It's not uncommon for the APU to be busted on an airliner, all it means is you have to either use an air starter to get the thing going, or connect it to a FEP or GPU when it comes in so that it can keep its lights and avionics operating. Some airliners of course don't even have an APU, for example the ATR-72, which is why they start their number 2 engine on stand in 'hotel mode' when still connected to the power, then that gets disconnected and the prop is engaged as it pushes out.

Fun fact of the day: It's called 'hotel mode' when an aeroplane runs its engine with a brake engaged or clutch disengaged from the prop to prevent it from turning, because the name comes from when ships which are docked do the same thing and the crew use the ship as their hotel rather than going ashore. 😀

One of the interesting things you can tell from that picture, is that on an A320, you can see right under the thing, which is true for most big airliners. This means it is fairly easy to see the centre line when pushing big aeroplanes out. But on things like ATR-72s, Dornier 328s, CRJs, Embraer 145s and Dash 8s, you can't see a lot other than the nose wheel, so if you ever see one of those being pushed out and you think the tug driver is 'all over the place', now you know why!

Edited by Chock
  • Like 1

Alan Bradbury

Check out my youtube flight sim videos: Here

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10 hours ago, Chock said:

now you know why!

thanks alan for your "insights".... i use "hotel mode" before reversing from my car's "hangar".

 


for now, cheers

john martin

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On 2/17/2020 at 10:19 PM, Chock said:

because the name comes from when ships which are docked do the same thing and the crew use the ship as their hotel rather than going ashore. 😀

Hi Chock,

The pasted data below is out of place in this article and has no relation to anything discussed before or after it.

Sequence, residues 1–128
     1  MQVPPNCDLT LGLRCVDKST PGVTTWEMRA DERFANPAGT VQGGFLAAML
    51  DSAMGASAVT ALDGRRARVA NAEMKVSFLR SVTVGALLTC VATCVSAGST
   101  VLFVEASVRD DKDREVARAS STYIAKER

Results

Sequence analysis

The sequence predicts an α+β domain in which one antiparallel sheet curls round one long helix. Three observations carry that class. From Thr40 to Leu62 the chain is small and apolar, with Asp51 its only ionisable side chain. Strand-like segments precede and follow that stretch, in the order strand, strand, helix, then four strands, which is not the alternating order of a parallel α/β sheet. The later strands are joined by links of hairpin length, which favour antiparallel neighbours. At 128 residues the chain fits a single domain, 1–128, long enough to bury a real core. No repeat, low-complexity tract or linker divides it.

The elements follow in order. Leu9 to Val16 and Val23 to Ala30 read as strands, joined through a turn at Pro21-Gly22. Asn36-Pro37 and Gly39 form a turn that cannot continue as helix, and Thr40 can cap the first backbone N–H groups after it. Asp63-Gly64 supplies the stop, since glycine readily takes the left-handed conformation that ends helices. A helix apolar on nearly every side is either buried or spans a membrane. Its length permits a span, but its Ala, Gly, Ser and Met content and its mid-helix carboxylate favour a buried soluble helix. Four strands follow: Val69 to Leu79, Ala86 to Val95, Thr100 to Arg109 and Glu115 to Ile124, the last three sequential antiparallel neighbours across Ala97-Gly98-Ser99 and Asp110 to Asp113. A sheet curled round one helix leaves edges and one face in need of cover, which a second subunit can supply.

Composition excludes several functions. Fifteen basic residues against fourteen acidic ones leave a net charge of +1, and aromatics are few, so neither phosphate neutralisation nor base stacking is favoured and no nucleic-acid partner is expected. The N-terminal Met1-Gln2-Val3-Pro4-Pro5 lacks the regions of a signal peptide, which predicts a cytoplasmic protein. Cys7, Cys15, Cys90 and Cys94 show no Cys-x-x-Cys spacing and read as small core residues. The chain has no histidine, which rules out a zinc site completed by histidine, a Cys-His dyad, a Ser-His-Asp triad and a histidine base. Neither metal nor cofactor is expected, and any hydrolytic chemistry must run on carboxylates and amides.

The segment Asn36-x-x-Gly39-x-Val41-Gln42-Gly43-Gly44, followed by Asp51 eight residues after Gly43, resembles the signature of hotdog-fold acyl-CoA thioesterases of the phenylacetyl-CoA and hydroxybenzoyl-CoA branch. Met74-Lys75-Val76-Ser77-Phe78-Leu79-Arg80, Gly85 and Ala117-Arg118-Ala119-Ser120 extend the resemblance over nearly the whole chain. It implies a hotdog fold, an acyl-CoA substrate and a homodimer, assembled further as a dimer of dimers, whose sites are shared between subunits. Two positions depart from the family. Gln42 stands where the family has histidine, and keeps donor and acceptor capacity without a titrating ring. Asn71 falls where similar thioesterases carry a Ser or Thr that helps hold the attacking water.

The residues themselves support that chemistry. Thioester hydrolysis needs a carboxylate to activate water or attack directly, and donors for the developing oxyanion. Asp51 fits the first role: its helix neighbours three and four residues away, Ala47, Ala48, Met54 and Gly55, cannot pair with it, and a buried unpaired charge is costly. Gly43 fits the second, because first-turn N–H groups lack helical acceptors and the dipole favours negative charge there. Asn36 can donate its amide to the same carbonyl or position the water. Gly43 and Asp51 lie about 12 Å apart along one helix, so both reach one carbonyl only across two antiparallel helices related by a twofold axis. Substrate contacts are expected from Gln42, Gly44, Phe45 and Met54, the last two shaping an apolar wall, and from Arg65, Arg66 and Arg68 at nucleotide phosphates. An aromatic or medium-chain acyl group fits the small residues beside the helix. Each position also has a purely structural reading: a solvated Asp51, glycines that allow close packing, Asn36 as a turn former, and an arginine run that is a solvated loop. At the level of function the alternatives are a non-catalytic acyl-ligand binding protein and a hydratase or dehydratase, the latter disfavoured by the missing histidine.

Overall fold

I am an ex merchant navy marine engineer, and have never heard the above quote. Most ships are powered by their own generators, which run continuously 24/7 whether at sea or alongside. I do very much enjoy your posts, as they are very informative, and tell it as it is. 

Stay safe, Cheers,

 

Neil 

  • Like 1

Neil Ward

CPU Intel Core i7 7740X@4.30Ghz with FrostFlow 240L Liquid Cooling, M/B ROG STRIX X299-E-GAMING, NVIDIA GeForce GTX 1080 Ti, RAM G.Skill 32GB DDR4 Ripjaws Blue, 

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21 minutes ago, Freo said:

Hi Chock, 

I am an ex merchant navy marine engineer, and have never heard the above quote. Most ships are powered by their own generators, which run continuously 24/7 whether at sea or alongside. I do very much enjoy your posts, as they are very informative, and tell it as it is. 

Stay safe, Cheers,

 

Neil 

I think it may have been some older ships which did not have the capability to use separate generators to power stuff when tied up. Just so you know where I got that from, I heard this about hotel mode from my uncle, who in addition to being Para, was also in the merchant navy. After that he had a job as a marine repair engineer, where he would be flown all over the world to repair ships when they were in harbour. Specifically, he tended to work on the propeller drive shafts of the ships, sorting out the packing, transmissions and all that kind of stuff, if it had broken, but this was in the 60s and 70s, so I daresay some of the ships he worked on would have been pretty old ones.

My dad was also an engineer, at Faireys, when they made aeroplanes and other large engineering projects (sadly all that stuff is long gone) so there were quite a few engineers in our family and it's probably why I am into that stuff.


Alan Bradbury

Check out my youtube flight sim videos: Here

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24 minutes ago, Chock said:

I think it may have been some older ships which did not have the capability to use separate generators to power stuff when tied up. Just so you know where I got that from, I heard this about hotel mode from my uncle, who in addition to being Para, was also in the merchant navy. After that he had a job as a marine repair engineer, where he would be flown all over the world to repair ships when they were in harbour. Specifically, he tended to work on the propeller drive shafts of the ships, sorting out the packing, transmissions and all that kind of stuff, if it had broken, but this was in the 60s and 70s, so I daresay some of the ships he worked on would have been pretty old ones.

My dad was also an engineer, at Faireys, when they made aeroplanes and other large engineering projects (sadly all that stuff is long gone) so there were quite a few engineers in our family and it's probably why I am into that stuff.

We have a mechanic in our company who retired from the Navy after 20 years. When running an aircraft on a GPU, he always refers to it as “shore power”


Jim Barrett

Licensed Airframe & Powerplant Mechanic, Avionics, Electrical & Air Data Systems Specialist. Qualified on: Falcon 900, CRJ-200, Dornier 328-100, Hawker 850XP and 1000, Lear 35, 45, 55 and 60, Gulfstream IV and 550, Embraer 135, Beech Premiere and 400A, MD-80.